One of the most prominent features of the UT Tyler campus is the Riter Tower, an 88-foot (27 m) carillon featuring 57 bells. The tower was built with a $1.35 million gift from Mr. and Mrs. A.W. "Dub" Riter Jr. The instrument is played with an electronic keyboard connected at sites in the music department, the administration building or at the base of the carillon tower. The title of largest carillon in Texas for most bells goes to the Riter Carillon at UT Tyler, although the Kniker Carillon at The University of Texas at Austin boasts more tonnage.

The Herrington Patriot Center includes a state-of-the-art fitness center with cardio-theater and circuit training, racquetball courts, heated pool and spa, indoor walking/jogging track, and gymnasium/convocation area with basketball/volleyball court and seating for 2,300.

The R. Don Cowan Fine and Performing Arts Center attracts a wide array of cultural entertainment, and 26,000 patrons attend the performances annually.

On-campus housing options include one dormitory, Ornelas Hall, and two apartment complexes, Patriot Village, which is owned by UT Tyler, and University Pines, which is owned by an outside company but works in conjunction with the college.

Activities[edit]

Student rides in car made during art class

UT Tyler offers over 80 student organizations including Greek fraternities and sororities.

Notable alumni[edit]

Bryan Hughes - Republican member of the Texas House of Representatives from Wood County since 2003[2]

Allen R. Morris - Emmy Award winning producer/director/writer; formerly with KLTV; frequent actor at Tyler Civic Theatre from 1979 to 1990; attended marketing and communications courses in early 80's while working on a Master's Degree.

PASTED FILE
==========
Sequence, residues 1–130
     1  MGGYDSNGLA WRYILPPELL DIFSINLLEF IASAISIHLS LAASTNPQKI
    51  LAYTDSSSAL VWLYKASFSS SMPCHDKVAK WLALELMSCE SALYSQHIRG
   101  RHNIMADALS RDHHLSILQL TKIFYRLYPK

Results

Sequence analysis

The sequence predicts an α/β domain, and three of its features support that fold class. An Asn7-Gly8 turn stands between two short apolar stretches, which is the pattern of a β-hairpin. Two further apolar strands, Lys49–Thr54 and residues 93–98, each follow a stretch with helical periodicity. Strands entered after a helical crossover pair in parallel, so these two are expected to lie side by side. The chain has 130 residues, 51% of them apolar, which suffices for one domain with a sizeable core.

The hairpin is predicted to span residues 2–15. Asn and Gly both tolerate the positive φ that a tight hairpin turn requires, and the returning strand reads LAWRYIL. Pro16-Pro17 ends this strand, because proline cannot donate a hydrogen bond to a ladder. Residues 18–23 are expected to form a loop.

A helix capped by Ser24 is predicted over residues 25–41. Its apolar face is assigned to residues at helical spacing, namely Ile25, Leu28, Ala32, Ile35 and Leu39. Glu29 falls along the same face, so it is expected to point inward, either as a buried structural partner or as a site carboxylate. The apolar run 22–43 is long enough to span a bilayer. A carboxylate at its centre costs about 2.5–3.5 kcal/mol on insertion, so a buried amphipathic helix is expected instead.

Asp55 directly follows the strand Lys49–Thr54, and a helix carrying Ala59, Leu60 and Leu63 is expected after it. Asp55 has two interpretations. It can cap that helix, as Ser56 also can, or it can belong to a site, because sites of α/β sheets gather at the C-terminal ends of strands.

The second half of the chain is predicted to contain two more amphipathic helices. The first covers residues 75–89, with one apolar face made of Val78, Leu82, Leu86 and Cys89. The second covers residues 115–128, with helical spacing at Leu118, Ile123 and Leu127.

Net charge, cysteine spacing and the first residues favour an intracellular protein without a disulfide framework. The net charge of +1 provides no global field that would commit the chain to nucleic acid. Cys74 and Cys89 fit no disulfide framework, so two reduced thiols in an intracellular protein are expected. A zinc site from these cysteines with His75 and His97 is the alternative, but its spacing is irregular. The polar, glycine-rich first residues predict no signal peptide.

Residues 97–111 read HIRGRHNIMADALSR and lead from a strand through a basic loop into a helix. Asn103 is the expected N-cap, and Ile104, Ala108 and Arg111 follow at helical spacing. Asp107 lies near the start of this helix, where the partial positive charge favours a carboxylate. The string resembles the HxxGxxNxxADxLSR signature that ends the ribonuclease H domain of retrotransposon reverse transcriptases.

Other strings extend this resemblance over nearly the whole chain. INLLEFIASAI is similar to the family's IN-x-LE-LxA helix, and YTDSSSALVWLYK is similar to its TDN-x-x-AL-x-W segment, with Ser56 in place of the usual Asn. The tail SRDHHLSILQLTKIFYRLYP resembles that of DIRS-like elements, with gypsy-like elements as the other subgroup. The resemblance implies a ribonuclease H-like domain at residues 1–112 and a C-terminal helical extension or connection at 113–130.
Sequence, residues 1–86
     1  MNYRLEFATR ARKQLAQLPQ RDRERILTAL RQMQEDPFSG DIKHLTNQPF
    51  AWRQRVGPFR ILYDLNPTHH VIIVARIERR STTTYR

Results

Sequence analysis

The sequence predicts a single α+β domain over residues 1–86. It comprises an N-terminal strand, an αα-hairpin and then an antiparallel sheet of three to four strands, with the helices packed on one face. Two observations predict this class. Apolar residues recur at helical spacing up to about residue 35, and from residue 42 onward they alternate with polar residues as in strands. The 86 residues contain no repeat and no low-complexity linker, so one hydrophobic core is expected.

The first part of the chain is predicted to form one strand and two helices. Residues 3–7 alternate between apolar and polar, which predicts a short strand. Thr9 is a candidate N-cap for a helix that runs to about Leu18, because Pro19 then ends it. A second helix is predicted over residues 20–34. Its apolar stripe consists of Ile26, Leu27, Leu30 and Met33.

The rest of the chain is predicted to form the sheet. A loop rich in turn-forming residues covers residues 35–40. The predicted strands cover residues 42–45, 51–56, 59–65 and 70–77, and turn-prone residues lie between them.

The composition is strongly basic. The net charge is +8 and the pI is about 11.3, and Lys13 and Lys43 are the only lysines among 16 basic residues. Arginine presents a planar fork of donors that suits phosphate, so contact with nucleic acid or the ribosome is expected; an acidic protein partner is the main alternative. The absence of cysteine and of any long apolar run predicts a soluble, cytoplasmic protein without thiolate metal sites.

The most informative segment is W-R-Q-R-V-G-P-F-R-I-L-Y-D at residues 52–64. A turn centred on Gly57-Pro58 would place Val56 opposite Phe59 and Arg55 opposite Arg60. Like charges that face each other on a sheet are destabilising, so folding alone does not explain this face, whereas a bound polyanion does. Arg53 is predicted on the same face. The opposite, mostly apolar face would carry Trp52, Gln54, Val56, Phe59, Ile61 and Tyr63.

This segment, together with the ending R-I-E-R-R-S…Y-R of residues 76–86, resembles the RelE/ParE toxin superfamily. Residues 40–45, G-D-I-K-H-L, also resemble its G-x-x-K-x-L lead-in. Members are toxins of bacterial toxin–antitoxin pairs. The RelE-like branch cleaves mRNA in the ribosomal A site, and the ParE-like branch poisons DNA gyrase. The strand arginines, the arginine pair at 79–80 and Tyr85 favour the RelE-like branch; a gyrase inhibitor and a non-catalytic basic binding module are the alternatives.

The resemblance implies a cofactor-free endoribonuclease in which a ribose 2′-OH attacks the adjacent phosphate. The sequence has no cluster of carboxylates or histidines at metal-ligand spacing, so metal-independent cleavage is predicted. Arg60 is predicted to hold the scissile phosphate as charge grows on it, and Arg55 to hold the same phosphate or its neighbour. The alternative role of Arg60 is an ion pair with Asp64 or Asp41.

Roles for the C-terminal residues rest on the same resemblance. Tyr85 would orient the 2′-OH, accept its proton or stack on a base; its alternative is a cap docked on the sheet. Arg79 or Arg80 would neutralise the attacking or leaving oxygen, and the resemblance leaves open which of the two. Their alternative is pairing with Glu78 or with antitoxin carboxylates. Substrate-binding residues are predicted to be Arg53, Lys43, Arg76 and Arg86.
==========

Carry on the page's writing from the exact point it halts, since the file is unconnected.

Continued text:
Athletics[edit]

UT Tyler Women's Basketball Team

UT Tyler competes in the American Southwest Conference of the NCAA's Division III. Both the men's and women's sports teams are referred to as the Patriots.[3]

UT Tyler participates in the following fifteen sports: Men's sports include baseball, basketball, cross country, golf, soccer, tennis and track & field, while women's sports include basketball, cross country, golf, soccer, softball, tennis, track & field and volleyball.

Since 2005, UT Tyler student-athletes have won 29 American Southwest Conference Championships, 29 ASC East Division championships, made 32 team appearances in the NCAA postseason and had 26 students earn All-America or Academic All-America Honors.[4]

In May, 2007, UT Tyler finished their four-year provisional status with the NCAA as a new athletic program. In September 2007, the Patriots became full members of the NCAA, and for the first time eligible for national rankings and NCAA postseason events.

UT Tyler student athletes have been found to earn a higher grade point ratio than the student body as a whole.[5]

References[edit]

  1. ^ a b About UT Tyler
  2. ^ "Bryan Hughes biography". house.state.tx.us. Retrieved September 26, 2011. 
  3. ^ Patriots Athletics
  4. ^ "UT Tyler Athletics Championships". Retrieved 11 October 2012. 
  5. ^ UT Tyler Student-Athletes Score High On Field And Off

External links[edit]

Coordinates: 32°19′02″N 95°15′07″W / 32.317258°N 95.251937°W / 32.317258; -95.251937